OTTAWA â€” A federal government agency that gave money to a think tank with close ties to the Liberals says the attention it received has made it think carefully about how it collaborates with outside organizations.
“It’s certainly helped us to focus on systems â€” internal systems â€” to make sure these kinds of partnerships are the right ones for us,” Christopher Walters, director of communications for the Social Sciences and Humanities Research Council of Canada (SSHRC), said in an interview last week.
The federal granting agency signed an agreement last year giving Canada 2020, a not-for-profit organization founded by long-time Liberal partisans, a total of $20,000, according to recently released documents.
Seventy-five per cent of that money went to sponsor an innovation conference Canada 2020 hosted at the Chateau Laurier in Ottawa from Nov. 2 to 4, 2016, featuring three Liberal cabinet ministers. The remaining $5,000 went towards a series of roundtables on open government.
Emails and other documents released to The Canadian Press under the Access to Information Act raise questions about what the granting agency was hoping to get out of working with Canada 2020, which styles itself as an independent think tank developing progressive ideas and policies, but whose people are closely linked with the Liberals and Prime Minister Justin Trudeau.
Science Minister Kirsty Duncan confirmed the $15,000 sponsorship earlier this year, prompting the Conservatives to ask why federal tax dollars were going to an organization whose president, Tom Pitfield, has been friends with Trudeau since childhood and played a key role in the 2015 Liberal election campaign. He is also married to Anna Gainey, the Liberal party president.
“There’s great concerns about the cozy relationship that Canada 2020 has with the Liberal government,” Conservative MP Blaine Calkins said Monday.
Canada 2020 declined to answer questions for this story.
According to the emails, the agency, which funds social science and humanities research, and Canada 2020 had worked together on a number of occasions throughout last year.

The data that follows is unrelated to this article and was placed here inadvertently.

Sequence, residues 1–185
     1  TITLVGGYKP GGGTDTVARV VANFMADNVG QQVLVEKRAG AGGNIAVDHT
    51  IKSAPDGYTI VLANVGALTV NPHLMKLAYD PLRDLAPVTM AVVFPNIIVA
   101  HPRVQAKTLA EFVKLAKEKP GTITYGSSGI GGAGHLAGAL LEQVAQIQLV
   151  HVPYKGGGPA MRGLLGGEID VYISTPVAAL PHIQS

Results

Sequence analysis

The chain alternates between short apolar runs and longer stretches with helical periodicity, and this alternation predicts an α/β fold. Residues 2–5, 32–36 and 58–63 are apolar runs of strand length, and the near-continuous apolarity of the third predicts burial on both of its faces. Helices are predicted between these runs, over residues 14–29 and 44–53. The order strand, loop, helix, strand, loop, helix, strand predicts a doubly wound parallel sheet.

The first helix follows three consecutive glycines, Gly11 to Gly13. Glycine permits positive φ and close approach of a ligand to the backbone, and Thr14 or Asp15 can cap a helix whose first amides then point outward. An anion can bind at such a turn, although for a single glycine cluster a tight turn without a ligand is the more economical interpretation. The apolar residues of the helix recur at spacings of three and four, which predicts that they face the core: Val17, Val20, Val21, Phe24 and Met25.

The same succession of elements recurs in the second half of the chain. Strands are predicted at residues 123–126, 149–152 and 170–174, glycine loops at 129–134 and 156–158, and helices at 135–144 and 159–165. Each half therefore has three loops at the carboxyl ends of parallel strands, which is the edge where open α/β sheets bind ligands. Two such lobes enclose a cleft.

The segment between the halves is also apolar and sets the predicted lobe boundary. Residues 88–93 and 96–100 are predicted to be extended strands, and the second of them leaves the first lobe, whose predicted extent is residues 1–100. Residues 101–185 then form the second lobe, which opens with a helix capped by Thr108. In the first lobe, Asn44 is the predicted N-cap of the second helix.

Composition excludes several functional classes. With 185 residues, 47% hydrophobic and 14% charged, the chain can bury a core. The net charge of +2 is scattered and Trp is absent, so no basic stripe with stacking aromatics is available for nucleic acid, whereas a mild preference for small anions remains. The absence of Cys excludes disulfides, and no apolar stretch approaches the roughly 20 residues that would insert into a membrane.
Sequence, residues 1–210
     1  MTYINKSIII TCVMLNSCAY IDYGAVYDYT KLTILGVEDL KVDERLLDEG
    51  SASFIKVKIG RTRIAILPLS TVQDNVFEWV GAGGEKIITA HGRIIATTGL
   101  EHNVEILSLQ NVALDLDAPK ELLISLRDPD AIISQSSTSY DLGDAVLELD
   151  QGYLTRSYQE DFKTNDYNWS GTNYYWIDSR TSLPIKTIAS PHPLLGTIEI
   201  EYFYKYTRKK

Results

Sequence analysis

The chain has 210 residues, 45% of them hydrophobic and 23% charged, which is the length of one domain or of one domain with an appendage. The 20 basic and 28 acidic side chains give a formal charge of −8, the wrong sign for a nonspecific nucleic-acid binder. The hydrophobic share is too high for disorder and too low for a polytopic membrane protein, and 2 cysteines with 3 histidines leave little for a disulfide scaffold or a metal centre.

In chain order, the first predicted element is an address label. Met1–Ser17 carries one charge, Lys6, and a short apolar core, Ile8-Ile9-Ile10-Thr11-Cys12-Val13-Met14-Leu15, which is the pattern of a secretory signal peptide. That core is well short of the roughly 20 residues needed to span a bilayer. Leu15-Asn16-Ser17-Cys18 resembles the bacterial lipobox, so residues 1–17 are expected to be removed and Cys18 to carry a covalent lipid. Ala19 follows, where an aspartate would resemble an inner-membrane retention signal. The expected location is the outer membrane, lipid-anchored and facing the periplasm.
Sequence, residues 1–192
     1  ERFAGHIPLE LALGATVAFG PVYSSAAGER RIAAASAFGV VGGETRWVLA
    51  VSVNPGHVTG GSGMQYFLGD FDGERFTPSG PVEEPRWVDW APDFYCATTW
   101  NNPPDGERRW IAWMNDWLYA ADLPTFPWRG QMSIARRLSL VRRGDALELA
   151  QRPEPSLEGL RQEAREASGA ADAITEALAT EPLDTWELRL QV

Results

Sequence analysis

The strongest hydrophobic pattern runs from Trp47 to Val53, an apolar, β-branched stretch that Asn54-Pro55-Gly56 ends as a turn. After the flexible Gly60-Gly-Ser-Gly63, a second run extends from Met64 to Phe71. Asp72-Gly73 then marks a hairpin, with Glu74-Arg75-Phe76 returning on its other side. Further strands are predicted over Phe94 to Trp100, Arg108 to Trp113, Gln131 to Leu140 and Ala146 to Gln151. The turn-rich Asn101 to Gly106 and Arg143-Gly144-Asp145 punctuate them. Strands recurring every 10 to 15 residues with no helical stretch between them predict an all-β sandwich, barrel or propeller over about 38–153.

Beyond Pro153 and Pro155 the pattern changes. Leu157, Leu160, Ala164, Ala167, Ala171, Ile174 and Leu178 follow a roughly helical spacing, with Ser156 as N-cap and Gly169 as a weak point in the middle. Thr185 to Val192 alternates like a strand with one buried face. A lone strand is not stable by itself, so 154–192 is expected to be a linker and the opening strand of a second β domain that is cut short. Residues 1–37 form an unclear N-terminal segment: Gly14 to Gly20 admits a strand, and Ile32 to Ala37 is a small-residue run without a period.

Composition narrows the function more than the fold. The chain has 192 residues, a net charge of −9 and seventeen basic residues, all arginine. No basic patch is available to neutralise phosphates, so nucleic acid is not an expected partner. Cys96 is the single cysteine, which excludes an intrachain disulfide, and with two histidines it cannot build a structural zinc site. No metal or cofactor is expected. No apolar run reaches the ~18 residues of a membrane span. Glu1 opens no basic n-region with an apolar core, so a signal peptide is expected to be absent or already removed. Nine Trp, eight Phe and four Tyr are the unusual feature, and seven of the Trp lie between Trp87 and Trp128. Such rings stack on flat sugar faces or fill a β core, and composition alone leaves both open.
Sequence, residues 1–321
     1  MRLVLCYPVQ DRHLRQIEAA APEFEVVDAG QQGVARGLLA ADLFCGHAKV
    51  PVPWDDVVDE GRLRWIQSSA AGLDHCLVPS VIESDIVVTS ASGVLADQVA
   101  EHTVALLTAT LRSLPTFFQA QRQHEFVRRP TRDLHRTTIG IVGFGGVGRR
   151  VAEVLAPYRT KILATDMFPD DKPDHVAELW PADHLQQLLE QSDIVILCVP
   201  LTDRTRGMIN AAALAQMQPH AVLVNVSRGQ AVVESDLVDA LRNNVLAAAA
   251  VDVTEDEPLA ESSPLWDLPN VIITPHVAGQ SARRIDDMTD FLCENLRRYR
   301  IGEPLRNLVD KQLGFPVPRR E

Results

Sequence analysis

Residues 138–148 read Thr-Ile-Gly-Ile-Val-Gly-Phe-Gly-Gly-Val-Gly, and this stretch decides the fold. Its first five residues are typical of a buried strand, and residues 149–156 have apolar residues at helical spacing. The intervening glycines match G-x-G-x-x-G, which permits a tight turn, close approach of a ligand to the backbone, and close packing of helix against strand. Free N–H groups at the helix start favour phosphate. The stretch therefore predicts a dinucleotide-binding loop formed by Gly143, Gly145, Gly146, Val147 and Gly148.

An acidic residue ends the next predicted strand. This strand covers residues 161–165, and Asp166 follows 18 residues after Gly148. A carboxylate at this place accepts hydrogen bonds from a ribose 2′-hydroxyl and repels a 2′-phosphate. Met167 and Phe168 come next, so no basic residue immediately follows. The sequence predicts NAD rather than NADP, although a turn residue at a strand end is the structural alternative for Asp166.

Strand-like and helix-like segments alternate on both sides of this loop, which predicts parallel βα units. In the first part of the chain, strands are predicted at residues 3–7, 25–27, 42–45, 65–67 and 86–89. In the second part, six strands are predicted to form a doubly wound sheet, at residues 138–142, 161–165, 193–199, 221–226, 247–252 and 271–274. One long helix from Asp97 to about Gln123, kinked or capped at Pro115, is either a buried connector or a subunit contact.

Then, on Oct. 7, less than a month before the innovation conference was set to take place, someone from Canada 2020 emailed Ursula Gobel, associate vice-president at SSHRC, to ask if they would be interested in sponsoring the event.
Ten days later, Gobel asked her contact at Canada 2020, whose name has been redacted, for a copy of the program for the conference. She also attached a draft funding agreement.
“(I) will need further details on the program before signing,” she wrote.
That agreement states both the agency and Canada 2020 “agree to collaborate on the development and holding” of the innovation conference.
But by this time, the agenda was mostly complete.
Canada 2020 emailed the draft agenda on Oct. 20, saying there were a few more tweaks expected before it would go live four days later.
“We can’t confirm our support until we see opportunities for a social sciences and humanities dimension in the program,” Gobel replied.
Another email suggests they arranged to speak by telephone the next morning.
The primary change to the program, according to Walters, was that Gobel ended up introducing a panel on jobs, skills and the future of work, which is a priority theme for the agency.
Walters pointed to four other speakers at the conference who do research in the social sciences and the humanities, but they were already in the earlier version of the program.
“I don’t know the ins and outs of the negotiations,” said Walters. “I know that in the end, SSHRC was satisfied that social science and humanities research would be represented at this conference and Ms. Gobel introduced the panel, so that was the visibility and profile we were looking for,” said Walters.
Meanwhile, someone else at SSHRC appears to have had some questions about the overall approach.
On Oct. 11, Brent Herbert-Copley, the executive vice-president, wrote to Walters about the sponsorship possibility: “Where do we stand in terms of the document outlining our overall support to events like this?” he asked, adding that he would like to have a “broader discussion” about the “process going forward for decisions on event partnerships.”
Walters said SSHRC thought it would be a good idea to start tracking partnerships with outside organizations in a way that would let the agency see if they were working in terms of “overall balance.” Walters said that idea had come up before the Canada 2020 partnership, but confirmed the list was developed afterwards.
Emails from earlier last year suggest SSHRC saw another benefit to participating in Canada 2020 events, in that it gave them the opportunity to share their message with high-level government officials, including cabinet ministers and Matthew Mendelsohn, deputy secretary to the cabinet.
Walters said the role social science and humanities researchers can play in shaping policy is often overlooked.
“Making contacts with key government figures is important to help get that word out,” said Walters.
“When an opportunity comes along, you want to take it.”
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Joanna Smith, The Canadian Press